Why gene therapy is set to transform medicine

Posted Jan 14, 2020 by Tim Sandle
Advances in gene therapy offer the possibility to transform medicine. These types of medicines were given their first market approvals in 2017, and since then sector growth has accelerated.
China has now halted human gene-editing using the Crispr techonology  after widespread outrage
China has now halted human gene-editing using the Crispr techonology, after widespread outrage
Gene therapies are in the in-demand medicine, due to their potential to treat life-threatening diseases, including illnesses classified as ‘rare genetic diseases’. Examples include treating sickle cell anemia and anti-tumor immunotherapy. As well as being demand, the market is also lucrative, expected to grow to $11.96 billion by 2025.
The growth with gene therapies is represented by the range of gene therapy products in the clinical pipeline, where Frost and Sullivan estimate some 400 cell and gene therapy products in development. The last year alone has seen a 27 percent increase in the number of clinical trials involving gene therapy products. This is also reflected with the number of emergent start-up companies entering the gene therapy space.
Most start-up companies elect to outsource the downstream manufacturing stages, due to the relatively low costs involved, as off-set against the costs involved with constructing specialist facilities.
Big Pharma is also investing in the field. For example, Pfizer has injected $500 million into one of its plants in North Carolina and Fujifilm Diosynth has made a similarly large investment to boost production capability.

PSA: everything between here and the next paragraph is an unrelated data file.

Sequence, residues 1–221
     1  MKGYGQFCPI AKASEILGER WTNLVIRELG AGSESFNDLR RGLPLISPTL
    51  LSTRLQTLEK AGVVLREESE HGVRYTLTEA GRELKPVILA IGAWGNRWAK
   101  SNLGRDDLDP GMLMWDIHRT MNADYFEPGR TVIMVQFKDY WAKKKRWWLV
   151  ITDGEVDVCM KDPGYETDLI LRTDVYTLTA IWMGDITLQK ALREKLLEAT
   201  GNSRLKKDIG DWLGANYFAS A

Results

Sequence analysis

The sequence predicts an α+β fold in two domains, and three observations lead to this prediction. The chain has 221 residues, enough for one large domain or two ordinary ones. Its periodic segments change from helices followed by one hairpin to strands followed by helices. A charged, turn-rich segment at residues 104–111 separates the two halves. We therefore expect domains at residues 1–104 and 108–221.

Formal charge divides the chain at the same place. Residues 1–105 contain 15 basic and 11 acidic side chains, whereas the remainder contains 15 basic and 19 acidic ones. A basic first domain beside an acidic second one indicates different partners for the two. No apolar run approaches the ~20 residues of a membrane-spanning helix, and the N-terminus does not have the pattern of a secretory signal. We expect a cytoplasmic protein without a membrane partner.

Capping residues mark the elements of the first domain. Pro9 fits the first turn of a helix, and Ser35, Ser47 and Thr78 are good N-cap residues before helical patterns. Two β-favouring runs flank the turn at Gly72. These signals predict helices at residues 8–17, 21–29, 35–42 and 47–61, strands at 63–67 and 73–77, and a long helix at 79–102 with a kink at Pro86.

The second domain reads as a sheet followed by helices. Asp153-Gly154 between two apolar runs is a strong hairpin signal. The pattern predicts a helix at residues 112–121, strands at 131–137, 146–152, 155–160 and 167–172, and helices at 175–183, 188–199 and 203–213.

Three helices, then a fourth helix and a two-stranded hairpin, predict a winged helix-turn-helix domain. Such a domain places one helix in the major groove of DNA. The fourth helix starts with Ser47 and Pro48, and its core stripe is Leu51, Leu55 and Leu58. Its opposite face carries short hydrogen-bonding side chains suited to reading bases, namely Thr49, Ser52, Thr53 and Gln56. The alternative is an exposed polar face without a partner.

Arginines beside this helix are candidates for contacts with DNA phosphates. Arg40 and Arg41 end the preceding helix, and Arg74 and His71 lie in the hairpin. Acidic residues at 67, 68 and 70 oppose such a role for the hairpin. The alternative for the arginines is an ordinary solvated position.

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The growth has been fuelled by support from governments and regulatory agency. Here the U.S. 21st Century Cures Act as been a key driver, supported by the U.S. Food and Drug Administration (FDA).
There are, however, some limitations to be overcome.
One limitation with progressing gene therapy products is with costs and pricing structures, which is resulting in many therapies being unstainable. This is also limiting the transition to scale, given the complexities tied to growing, sourcing and transporting cells. Costs are high partly as a result of the development and partly because many gene therapies offer curative solutions, making them an in-demand and expensive medicine.
A solution to the costs factors is, according to Vered Caplan (Orgensis Inc) the development of point-of-care automation, including the application of closed systems for processing cell therapies. These systems require the use of fewer personnel and permit real-time quality control testing to take place.
A second limitation is with the availability of rare materials of sufficient quality, such as plasmid DNA and tranfection agents), which need to be manufactured under the same standards applied to mainstream pharmaceuticals (that is, Good Manufacturing Practices.
With new technology emerging to improve product yield and to drive down costs, coupled with increased investments, the expansion of gene therapy products looks set to be one of the big drivers within healthcare over the next five years.